This study quantified how body borne load impacts hip and knee biomechanics during anticipated and unanticipated single-leg cutting maneuvers. Fifteen male military personnel performed a series of single-leg cutting maneuvers with three different load configurations (light, ~6 kg, medium, ~20 kg, and heavy, ~40 kg). Subject-based means of the specific lower limb biomechanical variables were submitted to repeated measures ANOVA to test the main and interaction effects of body borne load and movement type. With body borne load, stance time (P<0.001) increased, while larger hip (P=0.027) and knee flexion (P=0.004), and hip adduction (P<0.001) moments, and decreased hip (P=0.002) and knee flexion (P<0.001), and hip adduction (P=0.003) postures were evident. Further, the hip (P<0.001) and ankle (P=0.024) increased energy absorption, while the knee (P=0.020) increased energy generation with body borne load. During the unanticipated maneuvers, the hip (P=0.009) and knee (P=0.032) increased energy generation, and peak hip flexion moment (P=0.002) increased relative to the anticipated movements. With the body borne load, participants adopted biomechanical patterns that decreased their locomotive ability including larger moments and reduced flexion postures of the lower limb. During the single-leg cut, participants used greater energy absorption from the large, proximal muscles of the hip and greater energy generation from the knee with the addition of load. Participant׳s performance when carrying a range of loads was not compromised by anticipation, as they did not exhibit the hip and knee kinetic and kinematic adaptations previously demonstrated when reacting to an unplanned stimulus.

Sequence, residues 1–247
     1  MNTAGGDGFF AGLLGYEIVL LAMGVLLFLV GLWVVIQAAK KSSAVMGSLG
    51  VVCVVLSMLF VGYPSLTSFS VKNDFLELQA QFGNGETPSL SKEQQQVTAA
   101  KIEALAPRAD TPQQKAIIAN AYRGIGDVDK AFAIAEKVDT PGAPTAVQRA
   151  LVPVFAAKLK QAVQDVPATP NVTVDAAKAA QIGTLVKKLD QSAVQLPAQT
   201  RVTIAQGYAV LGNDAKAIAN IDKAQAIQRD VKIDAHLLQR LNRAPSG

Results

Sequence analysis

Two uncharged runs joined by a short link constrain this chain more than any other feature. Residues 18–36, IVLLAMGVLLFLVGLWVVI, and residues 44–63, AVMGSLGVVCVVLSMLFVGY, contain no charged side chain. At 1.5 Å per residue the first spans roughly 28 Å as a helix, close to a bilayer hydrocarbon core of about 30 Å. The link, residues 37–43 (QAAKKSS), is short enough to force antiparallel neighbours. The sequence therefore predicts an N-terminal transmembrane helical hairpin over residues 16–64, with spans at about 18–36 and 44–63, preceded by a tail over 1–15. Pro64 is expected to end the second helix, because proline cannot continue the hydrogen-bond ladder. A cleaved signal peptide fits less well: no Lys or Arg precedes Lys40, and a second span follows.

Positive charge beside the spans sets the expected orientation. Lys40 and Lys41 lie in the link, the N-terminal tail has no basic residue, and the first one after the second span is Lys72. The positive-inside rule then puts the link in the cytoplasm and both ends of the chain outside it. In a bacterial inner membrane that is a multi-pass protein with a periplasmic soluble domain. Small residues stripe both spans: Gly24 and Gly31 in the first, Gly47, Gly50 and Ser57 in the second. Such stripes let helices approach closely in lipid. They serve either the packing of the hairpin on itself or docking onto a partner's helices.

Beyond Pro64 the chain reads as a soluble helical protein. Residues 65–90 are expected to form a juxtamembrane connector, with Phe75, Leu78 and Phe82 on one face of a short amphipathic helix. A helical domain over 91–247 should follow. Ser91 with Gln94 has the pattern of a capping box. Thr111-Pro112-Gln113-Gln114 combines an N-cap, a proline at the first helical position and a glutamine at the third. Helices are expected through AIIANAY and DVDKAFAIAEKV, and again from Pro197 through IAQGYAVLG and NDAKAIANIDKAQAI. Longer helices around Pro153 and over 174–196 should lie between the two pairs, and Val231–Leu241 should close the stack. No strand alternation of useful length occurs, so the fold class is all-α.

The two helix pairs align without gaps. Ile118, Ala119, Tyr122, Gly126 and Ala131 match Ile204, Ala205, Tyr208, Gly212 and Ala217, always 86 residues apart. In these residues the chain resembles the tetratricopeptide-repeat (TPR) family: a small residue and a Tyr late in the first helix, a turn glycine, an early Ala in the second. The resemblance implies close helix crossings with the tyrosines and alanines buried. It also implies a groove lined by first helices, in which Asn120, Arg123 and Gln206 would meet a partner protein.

- joint power,
- stance time
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